Estonia, Latvia and Finland have gone two years without Russian tourists, and they can go on longer.
Estonia, Latvia and Finland are restricting the return of tourists from Russia — one of their historic top source markets — to exert pressure on the latter’s government to end its invasion of Ukraine.
The restrictions are accelerating each destination’s pivot away from the Russian market, a trend that started during the pandemic.
As of this summer, Estonia denied entry to Russian citizens with Schengen tourist visas issued by local authorities. Latvia stopped issuing their own to Russian citizens. Finland will limit the number of tourist visas it issues to Russian to 10 percent of the current volume.
The ministers of these countries are now calling on other European countries to stop issuing visas to Russian tourists. The group has expanded to include two more of Russia’s neighbors: Poland and Lithuania. European Union foreign ministers will discuss the idea at their meeting on August 29.
Tourism industry stakeholders in these countries know that banning one of their historic top source markets won’t help their recoveries, but they understand their necessity. “We are really supporting Ukraine at the moment and we really don’t care that we are losing some dollars maybe in this business,” said Merike Hallik, Secretary General of the Estonia Tourism and Travel Association (ETTA).
“Everyone understands the situation so there hasn’t been many criticisms,” said Visit Finland Senior Director Kristiina Hietasaari. “We don’t feel comfortable seeing a Russian tourist enjoying their life here in Finland and Helinisiki, particularly, because there are a lot of Ukrainians here as well.”
Estonia’s Halik is tying the clampdown on Russian tourists to their government’s behavior.
“[Russia’s] citizens at the moment have to understand that when their government is acting like they are now against any human understanding of freedom and rights, then their citizens shouldn’t have the liberty to travel around the world,” Hallik said.
Russian citizens shouldn’t be allowed to enjoy the freedoms the European Union has to offer that their government denies to Ukrainians, she said.
Amid the pandemic, tourism from Russia flatlined. The share of nights spent in accommodation establishments by Russian tourists fell from 7.5 percent of overnight stays to 4 percent in 2020 and 1.6 percent in 2021, according to the Estonia Tourism Board.
Russia’s latest invasion of Ukraine began in February 2022. Russia annexed Crimea in 2014.
Covid travel restrictions like border closures and vaccine policies kept Russian tourists out. “There’s already been two years where there haven’t been any Russian tourists because of the pandemic and Europe not accepting their vaccines like the Sputnik vaccination,” said Visit Finland’s Hietasaari.
Even though the restrictions have eased, the Ukraine War has halted their full return. “Already during the pandemic, the tourist flows from these countries [Russia, Ukraine and Belarus] stopped because of all of the restrictions,” said Inese Šīrava, Director of Tourism at the Investment and Development Agency of Latvia. “After the Ukraine conflict started, of course there’s nothing going on in these markets.”
Russians now can’t travel into the European Union by air. In April, the European Union banned 21 Russian airlines from operating within its territory. In response, Russia banned European airlines. What these bans have done is replace the pandemic restrictions, Hietasaari said. “This is a continuation of the same situation but the reason is now different.”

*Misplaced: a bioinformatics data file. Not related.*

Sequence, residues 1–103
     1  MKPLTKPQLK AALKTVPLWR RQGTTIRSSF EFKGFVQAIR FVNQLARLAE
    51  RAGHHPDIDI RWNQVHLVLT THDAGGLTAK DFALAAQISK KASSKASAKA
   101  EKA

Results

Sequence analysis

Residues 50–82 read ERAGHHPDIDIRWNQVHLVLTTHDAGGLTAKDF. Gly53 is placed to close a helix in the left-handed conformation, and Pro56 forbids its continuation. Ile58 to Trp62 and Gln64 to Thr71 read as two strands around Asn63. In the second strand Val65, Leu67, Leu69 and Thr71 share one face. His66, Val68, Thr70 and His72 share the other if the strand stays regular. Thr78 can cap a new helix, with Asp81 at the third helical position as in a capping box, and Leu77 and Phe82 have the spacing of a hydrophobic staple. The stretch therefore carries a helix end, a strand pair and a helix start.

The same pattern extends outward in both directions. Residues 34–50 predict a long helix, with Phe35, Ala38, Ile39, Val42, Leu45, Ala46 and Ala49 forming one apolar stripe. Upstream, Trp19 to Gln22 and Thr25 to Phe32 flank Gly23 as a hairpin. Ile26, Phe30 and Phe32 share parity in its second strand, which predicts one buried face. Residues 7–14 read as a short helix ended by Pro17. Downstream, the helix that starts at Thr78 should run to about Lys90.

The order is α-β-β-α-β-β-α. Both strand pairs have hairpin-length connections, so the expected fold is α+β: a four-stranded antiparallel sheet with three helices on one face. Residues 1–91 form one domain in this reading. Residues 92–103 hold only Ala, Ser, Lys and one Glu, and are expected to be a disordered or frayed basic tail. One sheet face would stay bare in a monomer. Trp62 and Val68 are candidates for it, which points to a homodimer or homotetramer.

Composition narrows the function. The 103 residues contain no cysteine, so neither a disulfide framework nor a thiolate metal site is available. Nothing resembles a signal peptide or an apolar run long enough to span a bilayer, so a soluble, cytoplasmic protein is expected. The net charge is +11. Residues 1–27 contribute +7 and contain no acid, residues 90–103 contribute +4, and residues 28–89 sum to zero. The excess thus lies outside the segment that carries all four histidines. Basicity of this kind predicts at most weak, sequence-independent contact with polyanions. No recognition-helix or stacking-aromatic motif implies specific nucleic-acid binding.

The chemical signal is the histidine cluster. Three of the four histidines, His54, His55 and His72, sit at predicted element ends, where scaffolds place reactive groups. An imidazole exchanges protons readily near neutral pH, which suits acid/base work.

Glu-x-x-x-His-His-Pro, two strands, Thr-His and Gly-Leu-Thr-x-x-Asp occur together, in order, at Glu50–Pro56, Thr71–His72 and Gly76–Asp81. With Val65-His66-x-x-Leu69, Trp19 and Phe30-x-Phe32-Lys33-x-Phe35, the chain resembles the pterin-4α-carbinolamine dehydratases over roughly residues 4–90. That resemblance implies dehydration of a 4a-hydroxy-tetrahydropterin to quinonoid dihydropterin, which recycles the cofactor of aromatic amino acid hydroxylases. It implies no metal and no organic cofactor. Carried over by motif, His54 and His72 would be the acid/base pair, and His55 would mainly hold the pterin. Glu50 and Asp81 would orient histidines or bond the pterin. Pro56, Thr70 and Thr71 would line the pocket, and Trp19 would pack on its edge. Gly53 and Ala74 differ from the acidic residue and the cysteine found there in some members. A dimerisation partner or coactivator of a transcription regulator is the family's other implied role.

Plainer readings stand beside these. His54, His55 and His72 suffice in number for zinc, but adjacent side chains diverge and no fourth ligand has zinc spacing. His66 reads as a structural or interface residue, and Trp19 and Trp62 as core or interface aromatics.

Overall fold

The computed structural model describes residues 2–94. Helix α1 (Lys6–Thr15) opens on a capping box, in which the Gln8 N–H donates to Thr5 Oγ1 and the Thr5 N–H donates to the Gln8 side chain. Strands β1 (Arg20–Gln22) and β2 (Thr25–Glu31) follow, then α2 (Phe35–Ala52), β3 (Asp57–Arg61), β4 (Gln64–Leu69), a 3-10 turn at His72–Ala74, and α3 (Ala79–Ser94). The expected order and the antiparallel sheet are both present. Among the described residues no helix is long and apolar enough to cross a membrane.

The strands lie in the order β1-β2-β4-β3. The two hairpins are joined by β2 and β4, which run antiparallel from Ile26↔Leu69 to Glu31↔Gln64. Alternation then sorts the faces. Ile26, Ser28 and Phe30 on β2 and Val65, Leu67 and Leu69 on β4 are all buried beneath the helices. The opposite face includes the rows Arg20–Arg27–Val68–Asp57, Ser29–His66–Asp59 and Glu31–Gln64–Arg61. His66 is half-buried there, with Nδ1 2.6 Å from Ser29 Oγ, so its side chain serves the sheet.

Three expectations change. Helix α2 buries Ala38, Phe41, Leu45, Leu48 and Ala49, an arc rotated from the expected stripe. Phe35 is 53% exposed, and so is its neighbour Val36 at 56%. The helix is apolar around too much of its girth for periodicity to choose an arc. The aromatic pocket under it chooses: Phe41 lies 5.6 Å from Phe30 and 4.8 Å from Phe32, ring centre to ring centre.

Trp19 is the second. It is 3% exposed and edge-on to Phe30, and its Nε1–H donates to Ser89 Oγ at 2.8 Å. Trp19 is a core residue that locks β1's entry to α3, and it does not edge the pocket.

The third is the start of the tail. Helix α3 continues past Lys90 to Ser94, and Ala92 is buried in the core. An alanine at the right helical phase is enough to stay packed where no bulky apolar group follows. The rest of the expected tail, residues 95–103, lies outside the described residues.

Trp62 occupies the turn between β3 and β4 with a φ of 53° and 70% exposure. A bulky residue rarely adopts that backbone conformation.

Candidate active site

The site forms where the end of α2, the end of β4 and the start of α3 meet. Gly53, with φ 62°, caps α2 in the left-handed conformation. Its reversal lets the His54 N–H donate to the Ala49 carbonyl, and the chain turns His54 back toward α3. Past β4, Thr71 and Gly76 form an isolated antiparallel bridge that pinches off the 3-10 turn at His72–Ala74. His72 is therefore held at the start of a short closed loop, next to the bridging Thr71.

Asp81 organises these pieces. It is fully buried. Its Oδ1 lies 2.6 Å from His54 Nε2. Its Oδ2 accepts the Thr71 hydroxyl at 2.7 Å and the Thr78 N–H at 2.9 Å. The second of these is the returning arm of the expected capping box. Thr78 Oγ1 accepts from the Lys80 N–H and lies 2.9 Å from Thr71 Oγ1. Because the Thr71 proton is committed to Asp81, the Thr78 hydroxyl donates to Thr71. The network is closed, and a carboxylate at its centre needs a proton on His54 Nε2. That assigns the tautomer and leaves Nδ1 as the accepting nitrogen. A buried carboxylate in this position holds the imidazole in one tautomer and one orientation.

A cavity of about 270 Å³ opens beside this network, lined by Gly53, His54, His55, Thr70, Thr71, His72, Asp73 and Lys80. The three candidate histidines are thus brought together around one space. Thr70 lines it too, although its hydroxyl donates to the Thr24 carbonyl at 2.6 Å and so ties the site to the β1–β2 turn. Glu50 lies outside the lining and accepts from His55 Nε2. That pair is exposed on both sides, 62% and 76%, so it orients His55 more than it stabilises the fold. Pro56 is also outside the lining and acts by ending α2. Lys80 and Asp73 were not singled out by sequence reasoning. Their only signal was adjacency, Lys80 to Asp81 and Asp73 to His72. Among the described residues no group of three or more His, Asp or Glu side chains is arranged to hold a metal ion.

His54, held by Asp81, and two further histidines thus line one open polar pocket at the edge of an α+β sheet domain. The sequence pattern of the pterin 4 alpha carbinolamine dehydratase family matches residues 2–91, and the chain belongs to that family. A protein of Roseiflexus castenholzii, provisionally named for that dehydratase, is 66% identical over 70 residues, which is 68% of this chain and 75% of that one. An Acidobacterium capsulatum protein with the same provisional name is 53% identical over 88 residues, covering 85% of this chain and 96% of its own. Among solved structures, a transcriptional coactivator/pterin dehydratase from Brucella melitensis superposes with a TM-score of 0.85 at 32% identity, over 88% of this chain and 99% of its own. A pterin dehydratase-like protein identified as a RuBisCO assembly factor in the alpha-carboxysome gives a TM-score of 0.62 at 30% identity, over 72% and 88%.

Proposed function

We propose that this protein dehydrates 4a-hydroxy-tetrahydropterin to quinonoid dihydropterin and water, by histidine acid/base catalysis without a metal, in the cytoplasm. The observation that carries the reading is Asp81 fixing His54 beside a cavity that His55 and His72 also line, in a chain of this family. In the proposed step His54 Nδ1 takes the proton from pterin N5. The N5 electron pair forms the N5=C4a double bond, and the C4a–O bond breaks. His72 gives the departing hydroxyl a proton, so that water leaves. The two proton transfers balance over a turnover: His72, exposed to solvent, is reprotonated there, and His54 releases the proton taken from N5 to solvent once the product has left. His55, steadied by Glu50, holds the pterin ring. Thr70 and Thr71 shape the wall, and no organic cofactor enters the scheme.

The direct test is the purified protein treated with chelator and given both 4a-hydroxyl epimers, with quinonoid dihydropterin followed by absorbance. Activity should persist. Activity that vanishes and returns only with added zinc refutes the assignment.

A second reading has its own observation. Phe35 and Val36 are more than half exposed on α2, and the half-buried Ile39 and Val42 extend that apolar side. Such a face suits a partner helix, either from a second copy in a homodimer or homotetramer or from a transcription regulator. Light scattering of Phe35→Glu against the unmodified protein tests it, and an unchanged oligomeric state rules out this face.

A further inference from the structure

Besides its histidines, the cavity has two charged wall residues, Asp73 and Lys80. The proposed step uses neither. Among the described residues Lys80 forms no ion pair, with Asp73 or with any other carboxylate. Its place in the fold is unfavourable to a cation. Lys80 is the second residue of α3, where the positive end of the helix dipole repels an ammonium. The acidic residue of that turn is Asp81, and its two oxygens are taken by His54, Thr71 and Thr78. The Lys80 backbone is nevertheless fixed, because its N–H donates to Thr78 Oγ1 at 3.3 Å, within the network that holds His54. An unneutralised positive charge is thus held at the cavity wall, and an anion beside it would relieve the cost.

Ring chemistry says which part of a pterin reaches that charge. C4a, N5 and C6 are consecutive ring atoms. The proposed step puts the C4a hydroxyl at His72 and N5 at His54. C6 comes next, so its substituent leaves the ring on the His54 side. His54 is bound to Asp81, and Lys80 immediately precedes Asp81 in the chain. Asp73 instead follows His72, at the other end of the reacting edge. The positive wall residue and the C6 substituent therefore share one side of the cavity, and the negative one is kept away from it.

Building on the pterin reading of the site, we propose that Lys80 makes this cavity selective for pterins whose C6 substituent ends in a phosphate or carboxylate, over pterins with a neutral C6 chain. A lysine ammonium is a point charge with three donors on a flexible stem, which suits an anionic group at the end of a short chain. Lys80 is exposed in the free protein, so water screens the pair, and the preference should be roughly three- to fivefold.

Russian tourists have resorted to obtaining Schengen visas from other European Union countries, by busing or driving their personal cars to cross the border into Estonia, Latvia and Finland, then flying to other European destinations. Estonia, Latvia and Finland allow entry to holders of Schengen visas issued by other countries. A major objective of extending the visa ban is to close this workaround. If the European Union does not enact a ban itself, the countries have said they will implement their own regional ban.
Here is Estonia Prime Minister Kaja Kallas below.
While Russian tourists were gone, these countries’ tourism industries leaned more on tourism from each other. Estonia, for example, has seen strong rebounds from Latvia and Finland these past several months, according to the Estonia Tourism Board.
But with no end in sight to the war, the businesses dependent on Russian tourists are feeling the pinch. Tour operators and other businesses in Eastern Finland, for example, are “suffering a lot more severely than other parts of the country,” according to Hietasaari.
These businesses created their products and services according to the tastes of Russian tourists. “Now they have to consider new target groups,”’ said Hietasaari. “They have to reconsider the whole offering, whether it is attractive to new target groups. It takes time to understand the new demand.”
Indeed, destinations are looking for replacements. “In the two years, we had to switch to other markets and replace Russia and Belarus with others, mainly other European markets,” Latvia’s Šīrava said. “I can’t say we don’t need them, but we need to find new markets.”
That search, however, won’t be going East any time soon without the return of Russian airspace. Many tourists fly from Asia through Russia into European destinations. European airlines now have to use longer routes. The reduced air connectivity increases flight times and costs for long-haul tourists from the East.
The reduced air connectivity with Asian markets like Japan is one reason why Finland is still far behind on its recovery compared to its other Scandinavian neighbors, Hietasaari said.
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Photo credit: A view of Helsinki, Finland. Finland will limit the number of tourist visas it issues to Russian to 10 percent of the current volume. Alexandr Bormotin / Unsplash